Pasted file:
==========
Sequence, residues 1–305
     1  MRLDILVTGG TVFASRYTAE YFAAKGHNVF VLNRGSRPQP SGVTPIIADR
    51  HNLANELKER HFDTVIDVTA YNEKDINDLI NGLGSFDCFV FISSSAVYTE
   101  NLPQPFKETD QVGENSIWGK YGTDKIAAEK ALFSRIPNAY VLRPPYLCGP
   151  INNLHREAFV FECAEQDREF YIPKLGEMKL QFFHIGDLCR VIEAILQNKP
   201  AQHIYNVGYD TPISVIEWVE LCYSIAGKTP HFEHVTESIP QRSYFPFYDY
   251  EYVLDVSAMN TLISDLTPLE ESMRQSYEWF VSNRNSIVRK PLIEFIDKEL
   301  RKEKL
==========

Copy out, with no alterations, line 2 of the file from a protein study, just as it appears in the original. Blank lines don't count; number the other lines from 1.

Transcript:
     1  MRLDILVTGG TVFASRYTAE YFAAKGHNVF VLNRGSRPQP SGVTPIIADR